The second tale, a legend or the truth?

The Camp leader sighed as the shy girl retreated back, staring at the ground below. The Camp leader opened his mouth to chastise the rude boy when a tall, bronze skinned, skinny black-haired boy coughed.

“You know kid, vanity and pride is a terrible thing to posses,” he said to the rude boy.

“Whadd’ya talking about?”

The boy’s eyes grew dark. “My grandfather told me of an ancient legend among his grandfather’s tribe, one that warns young ones to behave the opposite of the way you act now.”

“So you have a scary story to tell?” the Camp leader said. He hushed a pair of talking campers. “Please do tell.”

The boy stared at the camp leader, a fearful look upon his face. “I must warn you, this is no campfire story… it is an old tale, a warning to the proud, the vain and the reckless…

Long ago, in the time before the white man came to our land, there lived a small tribe. It was the tribe of the Lupe, or the wolf tribe. They were the strongest, fastest, and most skilled tribe. The men were all hunters and warriors, their skill and ferocity like that of a bear or a wolf. Their women were beautiful, smart and skilled. They were the best of the best—“This is boring!” a camper with large glasses groaned. He was in a slouched position but he quickly straightened his posture when the native boy flashed him a fierce glare. “Sorry”“As I was saying…”The people of the Lupe were the best of the best. However, they had one great flaw. They were proud, vain, arrogant, vengeful and untrustworthy. The other tribes loathed them because of this, openly attacking their kin. In turn, the Lupe attacked all other tribes that ventured into their territory. My uncle was an Iroquois hunter. The Lupe, who bounded him and brought him to their camp, caught him one day when he was hunting. They ridiculed my uncle, throwing stones and spitting on him. The one day, he made a strange ally, an old man with strange, glowing yellow eyes. They bounded this old man as well, throwing sticks and spitting on him. However, the old man—

“Can I please tell ma’ story!” another boy complained.

The storyteller growled, whipping a stone in his direction. It caught the boy dead in the eye, causing him to rub it in pain.

“No more interruptions!” the native boy snapped. The camp leader flashed him a strange look but nodded, beckoning him to continue.

The old man insulted the wife of the Lupe chief. As his punishment, the Lupe chief burned out the old man’s eyes broke his legs and scalped his forehead. They thrust the old man into the fire, where he suffered a long and excruciatingly painful death. However, he gazed at my uncle—

That hunter was your uncle?” a young girl with ponytails questioned.

The boy rubbed his forehead. “No, he was my grandfather’s, grandfather’s uncle.” The girl gave him a blank look. “Let’s just refer to him as my ancestor okay?”

The little girl nodded before crossing her arms.

“Now, where was I…”

The old man gazed at my unc— ancestor and smiled. His smile was like the grin of a wolf that had found a wounded prey. It was the very smile of evil spirits. My ancestor stared back at him, a look of pure fear across his face. Then, as he was burning, the old man began to speak to my father in the native tongue. “ The Lupe have grown proud and arrogant! They have forgotten all my warning to them. They have given in to the evil spirits, allowing them to twist their souls. Well no more! Tonight, when the great moon can be seen over the lake, the Lupe shall be slain! They have turned their backs on m, thus I turn my backs on them. Let the savage wolves of the north enjoy their feast on Lupe flesh! No man, woman or child shall live to see the next sun, lest they be of a different tribe!” Then the old man grew still, his body making cracking sounds as he burned.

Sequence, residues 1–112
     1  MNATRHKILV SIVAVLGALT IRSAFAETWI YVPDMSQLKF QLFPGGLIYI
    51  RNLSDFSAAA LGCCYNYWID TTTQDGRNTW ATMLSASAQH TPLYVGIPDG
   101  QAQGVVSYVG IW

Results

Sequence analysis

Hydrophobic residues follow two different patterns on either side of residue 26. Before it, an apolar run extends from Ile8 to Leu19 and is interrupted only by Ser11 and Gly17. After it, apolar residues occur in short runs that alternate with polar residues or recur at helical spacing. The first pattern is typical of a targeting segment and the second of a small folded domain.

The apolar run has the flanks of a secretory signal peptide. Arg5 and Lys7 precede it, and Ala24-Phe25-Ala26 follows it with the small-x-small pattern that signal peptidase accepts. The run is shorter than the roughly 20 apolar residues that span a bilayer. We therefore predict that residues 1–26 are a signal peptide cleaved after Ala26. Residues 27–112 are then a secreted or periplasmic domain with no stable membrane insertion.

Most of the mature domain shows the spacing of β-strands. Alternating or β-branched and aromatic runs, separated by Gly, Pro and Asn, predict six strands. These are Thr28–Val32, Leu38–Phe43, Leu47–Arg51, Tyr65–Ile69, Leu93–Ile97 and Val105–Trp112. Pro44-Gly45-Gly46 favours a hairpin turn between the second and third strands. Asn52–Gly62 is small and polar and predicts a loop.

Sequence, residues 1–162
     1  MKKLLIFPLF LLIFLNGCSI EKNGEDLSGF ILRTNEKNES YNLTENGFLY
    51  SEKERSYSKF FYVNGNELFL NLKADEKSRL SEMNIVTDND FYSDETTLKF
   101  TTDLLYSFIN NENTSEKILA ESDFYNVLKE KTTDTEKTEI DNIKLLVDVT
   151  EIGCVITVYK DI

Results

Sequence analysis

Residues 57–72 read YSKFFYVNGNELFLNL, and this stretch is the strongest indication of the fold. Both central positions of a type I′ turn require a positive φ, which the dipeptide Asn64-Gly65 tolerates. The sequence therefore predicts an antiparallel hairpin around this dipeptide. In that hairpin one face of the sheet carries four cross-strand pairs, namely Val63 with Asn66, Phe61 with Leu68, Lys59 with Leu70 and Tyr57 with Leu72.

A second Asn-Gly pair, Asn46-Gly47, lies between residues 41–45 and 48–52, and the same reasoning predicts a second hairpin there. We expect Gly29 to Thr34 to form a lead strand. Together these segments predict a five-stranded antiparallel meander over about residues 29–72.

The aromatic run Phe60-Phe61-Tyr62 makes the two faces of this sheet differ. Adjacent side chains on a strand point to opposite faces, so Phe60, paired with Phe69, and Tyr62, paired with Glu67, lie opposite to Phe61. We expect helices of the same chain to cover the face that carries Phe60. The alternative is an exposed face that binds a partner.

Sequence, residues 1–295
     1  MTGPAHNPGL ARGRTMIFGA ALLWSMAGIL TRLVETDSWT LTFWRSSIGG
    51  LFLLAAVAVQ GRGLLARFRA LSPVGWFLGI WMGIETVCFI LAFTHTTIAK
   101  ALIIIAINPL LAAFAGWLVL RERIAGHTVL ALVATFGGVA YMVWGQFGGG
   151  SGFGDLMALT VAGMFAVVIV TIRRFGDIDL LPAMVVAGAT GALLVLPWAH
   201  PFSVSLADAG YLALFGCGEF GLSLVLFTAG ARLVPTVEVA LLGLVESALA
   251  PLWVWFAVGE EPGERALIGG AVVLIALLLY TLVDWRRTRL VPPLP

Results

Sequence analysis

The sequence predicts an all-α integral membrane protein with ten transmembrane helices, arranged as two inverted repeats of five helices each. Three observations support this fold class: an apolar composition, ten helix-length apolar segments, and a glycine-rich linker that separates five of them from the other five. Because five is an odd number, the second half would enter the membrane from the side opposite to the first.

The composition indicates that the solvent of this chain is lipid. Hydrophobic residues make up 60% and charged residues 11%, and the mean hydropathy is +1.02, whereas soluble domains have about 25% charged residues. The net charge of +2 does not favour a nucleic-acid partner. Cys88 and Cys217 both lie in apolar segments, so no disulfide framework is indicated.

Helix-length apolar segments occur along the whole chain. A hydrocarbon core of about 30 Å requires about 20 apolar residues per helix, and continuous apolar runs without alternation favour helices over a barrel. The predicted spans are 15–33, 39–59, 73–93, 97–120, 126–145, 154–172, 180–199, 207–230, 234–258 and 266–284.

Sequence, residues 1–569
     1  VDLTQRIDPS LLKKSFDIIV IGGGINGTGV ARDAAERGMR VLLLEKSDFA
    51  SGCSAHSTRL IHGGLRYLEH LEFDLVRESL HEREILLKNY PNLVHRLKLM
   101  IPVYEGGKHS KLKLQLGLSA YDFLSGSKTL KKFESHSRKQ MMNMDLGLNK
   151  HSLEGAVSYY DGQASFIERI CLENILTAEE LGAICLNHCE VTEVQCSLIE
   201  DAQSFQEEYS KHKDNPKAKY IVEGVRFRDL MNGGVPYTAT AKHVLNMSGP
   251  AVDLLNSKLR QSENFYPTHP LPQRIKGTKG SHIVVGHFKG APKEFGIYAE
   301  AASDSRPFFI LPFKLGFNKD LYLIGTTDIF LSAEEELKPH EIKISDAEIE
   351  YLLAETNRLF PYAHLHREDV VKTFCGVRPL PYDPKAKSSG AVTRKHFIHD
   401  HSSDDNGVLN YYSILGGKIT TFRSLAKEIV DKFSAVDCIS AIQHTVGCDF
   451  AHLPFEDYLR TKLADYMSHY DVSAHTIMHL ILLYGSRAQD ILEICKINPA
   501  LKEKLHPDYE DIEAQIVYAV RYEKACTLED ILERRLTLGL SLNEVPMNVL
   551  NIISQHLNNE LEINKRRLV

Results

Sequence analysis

“Then wadd’ appened?” the rude boy asked.

The native boy stared at him, his eyes like daggers piercing into the boy. “Do you really want to know?”

The boy nodded.


My ancestor had fallen asleep when he heard a bone-chilling howl. He sprung awake and gazed at the forest itself, which had seemed to come alive. My ancestor watched in horror as hundreds of shadow furred wolves swarmed into the camp. They leaped and ripped through the many tents, blood-curdling screams of horror abound. My uncle hid under a large wagon, watching as the wolves began to drag off the Lupe women and children. Blood was everywhere as the men tried to fight the wolves. But they were no match, each man being taken down and ripped to a bloody bone as the wolves swarmed around them, devouring and killing. Their bright yellow eyes shone with a demonic fury as they pounced on the Lupe, blood staining their nuzzles. Suddenly the largest wolf appeared, carrying the motionless corpse of the Lupe chief into the fire. The wolf let out an eerie howl, causing a cacophony of eerie, spine tingling howls. My ancestor continued to stare at the wolves, who one by one retreated into the forest, carrying off the bloody bodies of the Lupe tribe…

The camper’s stared in awe at the native boy who sat back on the log. “That is my tale, the death of the proud and arrogant Lupe tribe.”

One camper shrugged. “It wasn’t that scary.”

The bronze skinned native smiled at him, his teeth looking like wolfish fangs. “They say the old man, the northern wolf spirit still haunts the very resting place of the Lupe, his ever voracious wolves still scouring the landscape for the proud and arrogant, be they Lupe or not. The Lupe spirits and the spirits of the proud still trying to escape, their blood curdling screams can be heard when one is deep in the forest form which they were devoured in, desperately trying to escape the wolf man and his pack.

“And what forest would that be?” the boy with glasses questioned.

“Howling WolfHallow…”

A single wolf howl pierced the night, followed by a far off scream…




The End

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